So many films take tortuous years of dealmaking to reach the screen that it's reassuring to find a project that came together practically overnight.
Such is the case with Law Abiding Citizen, a psychological thriller starring Jamie Foxx and Gerard Butler opening Friday via Overture Films.
It was a call from Jamie Foxx, said director F. Gary Gray (The Italian Job), when asked how he got involved. We've always wanted to work with each other. He told me it was a project he thought I should strongly consider.
After Foxx called last October, Gray read Kurt Wimmer's screenplay. I loved the concept and thought it was really unique.
Next step: Meeting with Mark Gill, the CEO of indie production company Film Department, and Citizen's producers, including Lucas Foster (Mr. and Mrs. Smith).
Gray (explaining): The rest is history. We had a lot of meetings in-between. I put together my visions for the material. It was relatively simple.
Butler plays the title's upstanding citizen who's terrorizing Philadelphia from behind prison bars to avenge his family's murder 10 years ago. Foxx is the assistant D.A. who gave one killer a plea bargain deal and now finds his own life in danger.
With most movies it's very easy to predict who the good guy is and who the bad guy is and you can also predict what they're going to do, Gray observed. With this movie, that's not the case.
What you can count on is that there's plenty of action. Getting it all on film kept Gray and his team busy shooting in Philly for 48 chilly days from mid-January through March.
One of Citizen's most challenging set pieces takes place in a cemetery where a weaponized bomb disposal robot attacks a security convoy.
Two weeks before shooting the scene Gray realized it needed major changes.
Gray (calling Foster): The way it's written doesn't work for me. We need a way to amp it up and make it more modern.
As written the scene hinged on a rocket launcher, which Gray felt was pretty old school. It fit more in a movie from the '80s than in 2009.
The goal: Turn it into something cooler without changing the movie's tone.
Gray's plan: Create a killer robot in place of the rocket launcher.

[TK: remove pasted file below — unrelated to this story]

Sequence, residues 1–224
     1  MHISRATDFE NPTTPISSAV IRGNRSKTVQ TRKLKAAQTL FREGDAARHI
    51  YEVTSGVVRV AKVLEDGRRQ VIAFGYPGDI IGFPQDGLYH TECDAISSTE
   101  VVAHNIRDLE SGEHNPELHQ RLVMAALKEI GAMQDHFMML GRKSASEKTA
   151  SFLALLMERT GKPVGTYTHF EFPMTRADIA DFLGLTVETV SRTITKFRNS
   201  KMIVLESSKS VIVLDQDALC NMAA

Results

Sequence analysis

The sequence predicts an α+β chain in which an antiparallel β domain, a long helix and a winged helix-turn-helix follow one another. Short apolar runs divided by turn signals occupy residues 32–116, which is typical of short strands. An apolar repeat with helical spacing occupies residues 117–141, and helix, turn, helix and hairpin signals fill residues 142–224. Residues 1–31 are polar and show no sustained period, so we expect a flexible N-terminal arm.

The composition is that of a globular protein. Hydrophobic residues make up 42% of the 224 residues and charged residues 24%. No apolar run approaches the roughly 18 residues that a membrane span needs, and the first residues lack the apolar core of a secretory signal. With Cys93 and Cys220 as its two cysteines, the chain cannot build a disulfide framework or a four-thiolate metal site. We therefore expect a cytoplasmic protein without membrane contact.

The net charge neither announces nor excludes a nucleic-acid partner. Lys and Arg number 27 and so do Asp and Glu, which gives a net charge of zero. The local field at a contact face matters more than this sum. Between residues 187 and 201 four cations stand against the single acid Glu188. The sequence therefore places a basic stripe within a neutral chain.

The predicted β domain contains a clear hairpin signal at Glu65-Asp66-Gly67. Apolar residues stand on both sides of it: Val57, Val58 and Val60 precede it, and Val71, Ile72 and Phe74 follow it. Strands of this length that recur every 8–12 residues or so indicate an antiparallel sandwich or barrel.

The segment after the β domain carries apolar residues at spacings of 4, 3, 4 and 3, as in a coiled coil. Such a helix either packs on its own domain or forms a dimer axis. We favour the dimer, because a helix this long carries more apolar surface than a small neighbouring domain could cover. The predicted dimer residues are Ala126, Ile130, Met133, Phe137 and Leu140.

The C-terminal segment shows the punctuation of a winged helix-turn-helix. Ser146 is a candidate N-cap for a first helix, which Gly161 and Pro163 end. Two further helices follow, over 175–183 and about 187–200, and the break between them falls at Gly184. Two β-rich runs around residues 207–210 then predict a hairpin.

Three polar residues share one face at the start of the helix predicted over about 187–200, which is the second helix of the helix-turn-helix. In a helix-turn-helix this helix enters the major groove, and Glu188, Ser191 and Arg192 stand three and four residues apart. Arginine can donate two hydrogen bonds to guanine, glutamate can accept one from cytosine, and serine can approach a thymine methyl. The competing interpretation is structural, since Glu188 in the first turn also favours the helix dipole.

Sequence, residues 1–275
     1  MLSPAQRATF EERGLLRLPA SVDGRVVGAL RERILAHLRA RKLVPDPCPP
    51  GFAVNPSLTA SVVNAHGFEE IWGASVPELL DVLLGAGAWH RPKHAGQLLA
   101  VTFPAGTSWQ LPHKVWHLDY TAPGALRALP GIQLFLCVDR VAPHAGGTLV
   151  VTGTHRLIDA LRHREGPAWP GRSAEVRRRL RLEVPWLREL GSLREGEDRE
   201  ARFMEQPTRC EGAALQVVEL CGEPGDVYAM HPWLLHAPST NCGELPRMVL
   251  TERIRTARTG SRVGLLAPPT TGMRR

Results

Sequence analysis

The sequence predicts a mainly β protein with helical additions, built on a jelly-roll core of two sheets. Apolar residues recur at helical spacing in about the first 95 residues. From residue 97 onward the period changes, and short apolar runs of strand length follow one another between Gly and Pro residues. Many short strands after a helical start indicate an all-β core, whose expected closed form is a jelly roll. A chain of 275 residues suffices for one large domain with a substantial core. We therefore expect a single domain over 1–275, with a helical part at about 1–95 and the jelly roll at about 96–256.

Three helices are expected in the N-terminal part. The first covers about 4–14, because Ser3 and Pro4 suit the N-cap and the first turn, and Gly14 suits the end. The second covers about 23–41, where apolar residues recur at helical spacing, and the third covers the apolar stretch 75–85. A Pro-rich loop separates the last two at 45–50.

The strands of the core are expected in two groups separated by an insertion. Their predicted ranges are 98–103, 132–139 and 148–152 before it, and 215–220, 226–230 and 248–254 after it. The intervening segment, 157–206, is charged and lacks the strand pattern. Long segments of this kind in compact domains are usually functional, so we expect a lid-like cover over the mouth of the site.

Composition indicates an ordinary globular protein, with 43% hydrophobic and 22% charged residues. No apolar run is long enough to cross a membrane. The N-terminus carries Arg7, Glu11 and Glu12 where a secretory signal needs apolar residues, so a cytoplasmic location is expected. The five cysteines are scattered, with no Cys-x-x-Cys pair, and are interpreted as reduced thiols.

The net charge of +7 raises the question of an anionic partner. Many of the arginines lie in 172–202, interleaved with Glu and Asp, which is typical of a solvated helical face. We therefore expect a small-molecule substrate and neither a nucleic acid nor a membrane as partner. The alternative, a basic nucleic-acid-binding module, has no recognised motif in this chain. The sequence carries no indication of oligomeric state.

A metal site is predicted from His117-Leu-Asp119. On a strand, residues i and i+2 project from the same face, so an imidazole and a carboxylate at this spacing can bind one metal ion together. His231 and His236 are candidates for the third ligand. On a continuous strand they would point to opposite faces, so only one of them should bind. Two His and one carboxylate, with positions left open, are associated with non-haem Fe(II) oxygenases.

I felt it was smarter and in step with the character, who's an ex-spy.
Foster (to Gray): We only have two weeks and we have to get the Department of Defense involved and get clearances. I don't know if we can make that happen.
Foster (after Gray didn't take his first no): Let me see what I can make happen.
Gray (happily): Everyone put everything into making this work for me and in two weeks we found a robot from the Philadelphia Police Department. We disassembled it and rebuilt a weaponized version.
Shooting all that action kept him on his toes: We had seven cameras out there because when you're shooting on a practical location you don't have the time to spread it out over a week.
And they won't let you blow up an SUV 16 times when you're working in the middle of a working cemetery.
Experience always helps. I went through the same thing with 'The Italian Job' where we were shooting a boat chase in the canals of Venice.
He learned a lot in Italy from months of planning and storyboarding and coordinating and having to really be careful about the wake the boats would create so there was no damage to any of the palazzos.
Gray's worst challenge was Philly's winter weather when you're shooting interiors in a prison that's actually a functioning prison and it's 30 degrees inside. The actors had to wear thermals under their costumes.
Although Gray would only characterize his indie budget as being mid-size, he noted there were great incentives for filming in Philadelphia.
I was going for a neo-noir feel and Philadelphia was perfect for that. When you look at noir films there are specific elements I thought would give this movie a certain tone and mood. I took full advantage of the bridges and smoke stacks and the City Hall with its historic architecture.